The first step is evaluating the value at risk, ranging from consumer safety, product loss, disruption of operations or financial loss. Quantification of risk, while critical, is not straightforward. The one question to address is – how much risk the organization can afford and still be able to recover to normalcy i.e. acceptable risk threshold. Then tie this to potential exposure points in your value chain, particularly third parties and the level of data and systems access to which they are exposed. By assessing both the likelihood, magnitude and potential sources of cybersecurity risk, companies can develop a strategy to better manage these threats. This risk assessment again needs to be concurrent to shaping future technology use cases within fresh value chains.
Create a culture of cybersecurity
During the impact of COVID-19, with more of the workforce working remotely from home, potential exposure routes have increased. Despite the unique dynamics of this crisis, individual employees have always been the primary frontlines in ensuring cybersecurity. Monitoring VPN traffic and systems activity needs to be complemented with enhanced process governance for the entire organization and third-party players – farmers, freight companies, distributors - to understand threats of cybersecurity to fresh supply chains.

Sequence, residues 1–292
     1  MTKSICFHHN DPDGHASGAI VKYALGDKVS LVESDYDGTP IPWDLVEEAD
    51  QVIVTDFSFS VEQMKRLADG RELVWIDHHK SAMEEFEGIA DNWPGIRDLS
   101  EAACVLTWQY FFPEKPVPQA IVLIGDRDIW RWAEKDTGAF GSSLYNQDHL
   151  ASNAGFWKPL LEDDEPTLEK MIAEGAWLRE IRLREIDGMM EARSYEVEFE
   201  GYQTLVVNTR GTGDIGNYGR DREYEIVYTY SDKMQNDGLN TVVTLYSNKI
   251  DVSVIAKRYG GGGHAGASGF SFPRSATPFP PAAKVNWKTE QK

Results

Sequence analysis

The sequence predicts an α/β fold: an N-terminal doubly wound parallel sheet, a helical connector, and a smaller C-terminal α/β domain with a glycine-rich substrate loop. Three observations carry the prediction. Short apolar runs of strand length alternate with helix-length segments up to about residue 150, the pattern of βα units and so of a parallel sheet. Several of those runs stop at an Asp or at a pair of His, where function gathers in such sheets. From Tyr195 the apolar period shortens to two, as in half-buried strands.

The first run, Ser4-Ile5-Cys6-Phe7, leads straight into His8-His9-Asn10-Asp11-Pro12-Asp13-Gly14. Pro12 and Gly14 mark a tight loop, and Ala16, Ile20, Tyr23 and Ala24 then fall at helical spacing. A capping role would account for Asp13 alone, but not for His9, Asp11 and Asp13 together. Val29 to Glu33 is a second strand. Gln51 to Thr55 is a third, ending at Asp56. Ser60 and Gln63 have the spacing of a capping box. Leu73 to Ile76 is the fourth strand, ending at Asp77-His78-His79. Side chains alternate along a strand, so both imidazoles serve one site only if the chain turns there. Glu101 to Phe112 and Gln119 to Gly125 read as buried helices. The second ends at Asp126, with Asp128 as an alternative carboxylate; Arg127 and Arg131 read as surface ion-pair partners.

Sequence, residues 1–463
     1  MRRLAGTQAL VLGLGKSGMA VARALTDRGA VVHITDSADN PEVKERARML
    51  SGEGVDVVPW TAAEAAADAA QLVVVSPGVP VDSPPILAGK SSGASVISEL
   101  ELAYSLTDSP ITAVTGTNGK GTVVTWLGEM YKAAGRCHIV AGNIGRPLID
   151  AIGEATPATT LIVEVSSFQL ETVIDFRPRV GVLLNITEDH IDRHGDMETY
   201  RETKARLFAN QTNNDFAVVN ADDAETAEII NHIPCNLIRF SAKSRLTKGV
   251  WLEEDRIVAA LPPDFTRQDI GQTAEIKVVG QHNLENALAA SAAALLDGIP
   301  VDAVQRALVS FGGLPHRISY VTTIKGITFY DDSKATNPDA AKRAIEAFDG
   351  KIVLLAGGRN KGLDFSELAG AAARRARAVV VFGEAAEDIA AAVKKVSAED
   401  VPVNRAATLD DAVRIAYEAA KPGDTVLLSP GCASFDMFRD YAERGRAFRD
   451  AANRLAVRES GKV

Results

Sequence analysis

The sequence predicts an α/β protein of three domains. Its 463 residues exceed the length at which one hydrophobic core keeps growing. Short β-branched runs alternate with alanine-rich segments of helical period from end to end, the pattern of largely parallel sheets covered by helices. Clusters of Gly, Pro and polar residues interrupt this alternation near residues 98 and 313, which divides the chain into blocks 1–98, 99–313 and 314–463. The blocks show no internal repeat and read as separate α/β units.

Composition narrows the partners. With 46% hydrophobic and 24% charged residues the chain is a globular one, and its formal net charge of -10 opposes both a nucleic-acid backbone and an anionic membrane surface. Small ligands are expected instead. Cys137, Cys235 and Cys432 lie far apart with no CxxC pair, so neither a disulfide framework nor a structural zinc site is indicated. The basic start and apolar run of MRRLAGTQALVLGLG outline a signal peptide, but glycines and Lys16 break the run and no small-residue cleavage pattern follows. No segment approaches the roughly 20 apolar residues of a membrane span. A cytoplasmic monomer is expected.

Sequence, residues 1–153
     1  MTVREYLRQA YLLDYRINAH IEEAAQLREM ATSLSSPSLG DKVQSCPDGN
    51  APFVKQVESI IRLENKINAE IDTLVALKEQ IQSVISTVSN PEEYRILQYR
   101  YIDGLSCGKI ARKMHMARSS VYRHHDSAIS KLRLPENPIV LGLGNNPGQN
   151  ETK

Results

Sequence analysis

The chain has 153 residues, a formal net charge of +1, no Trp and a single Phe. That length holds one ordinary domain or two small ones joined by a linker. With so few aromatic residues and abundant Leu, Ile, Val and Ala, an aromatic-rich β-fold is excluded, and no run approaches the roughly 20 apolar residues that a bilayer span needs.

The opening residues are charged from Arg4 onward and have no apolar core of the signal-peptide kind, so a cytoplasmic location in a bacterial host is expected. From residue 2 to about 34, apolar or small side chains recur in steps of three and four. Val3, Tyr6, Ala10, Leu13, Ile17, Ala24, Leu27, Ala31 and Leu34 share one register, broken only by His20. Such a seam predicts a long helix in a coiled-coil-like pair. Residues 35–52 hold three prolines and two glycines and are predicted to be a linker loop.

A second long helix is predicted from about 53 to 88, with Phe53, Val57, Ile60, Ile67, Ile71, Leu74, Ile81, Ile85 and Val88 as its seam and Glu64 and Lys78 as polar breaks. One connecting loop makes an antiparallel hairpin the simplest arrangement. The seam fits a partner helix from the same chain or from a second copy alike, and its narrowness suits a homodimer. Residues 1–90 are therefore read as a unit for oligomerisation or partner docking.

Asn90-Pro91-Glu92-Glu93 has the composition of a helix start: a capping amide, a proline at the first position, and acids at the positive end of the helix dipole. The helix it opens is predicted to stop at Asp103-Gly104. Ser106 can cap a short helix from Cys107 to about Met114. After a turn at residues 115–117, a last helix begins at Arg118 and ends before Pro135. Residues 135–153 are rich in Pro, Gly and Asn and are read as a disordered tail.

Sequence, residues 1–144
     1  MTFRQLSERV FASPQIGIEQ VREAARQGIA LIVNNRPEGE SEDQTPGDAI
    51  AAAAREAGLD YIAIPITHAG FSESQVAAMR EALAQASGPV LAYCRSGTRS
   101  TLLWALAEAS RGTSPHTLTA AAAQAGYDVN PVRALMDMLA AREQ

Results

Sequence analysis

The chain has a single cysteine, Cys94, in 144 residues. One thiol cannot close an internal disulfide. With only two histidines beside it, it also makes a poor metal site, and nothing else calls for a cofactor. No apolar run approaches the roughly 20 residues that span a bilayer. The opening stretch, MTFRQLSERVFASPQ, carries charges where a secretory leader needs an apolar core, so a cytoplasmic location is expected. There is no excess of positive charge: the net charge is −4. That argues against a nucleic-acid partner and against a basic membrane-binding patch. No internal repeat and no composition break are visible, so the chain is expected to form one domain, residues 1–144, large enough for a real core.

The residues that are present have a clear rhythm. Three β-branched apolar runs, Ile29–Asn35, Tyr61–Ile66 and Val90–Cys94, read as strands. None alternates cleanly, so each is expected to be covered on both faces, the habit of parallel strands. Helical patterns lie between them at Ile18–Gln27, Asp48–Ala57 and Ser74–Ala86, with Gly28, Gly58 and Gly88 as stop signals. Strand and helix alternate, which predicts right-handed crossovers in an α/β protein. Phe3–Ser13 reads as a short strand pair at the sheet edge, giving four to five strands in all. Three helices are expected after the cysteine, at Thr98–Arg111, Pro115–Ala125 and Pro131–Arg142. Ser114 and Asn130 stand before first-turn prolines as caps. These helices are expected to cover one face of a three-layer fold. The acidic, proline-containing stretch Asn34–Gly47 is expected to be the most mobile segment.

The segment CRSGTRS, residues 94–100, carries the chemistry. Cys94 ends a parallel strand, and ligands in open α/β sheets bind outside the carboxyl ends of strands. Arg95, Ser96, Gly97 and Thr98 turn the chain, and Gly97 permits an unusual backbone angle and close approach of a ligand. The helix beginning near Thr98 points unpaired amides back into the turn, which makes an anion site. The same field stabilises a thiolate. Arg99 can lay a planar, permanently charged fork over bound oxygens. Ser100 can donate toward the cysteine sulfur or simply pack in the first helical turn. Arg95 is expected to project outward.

Recent cyberattacks have already elevated cybersecurity risk management to C-levels and the board. But, as fresh value chain partners further integrate from a technology standpoint, it needs to become a supply chain and vendor management priority as much as it is business systems priority. Creating this culture from top to bottom is critical to ensuring the safety of fresh supply chains.
Collaborating on solutions
Improving cybersecurity within fresh will require collaboration between technology and operations, both internally and with trading partners.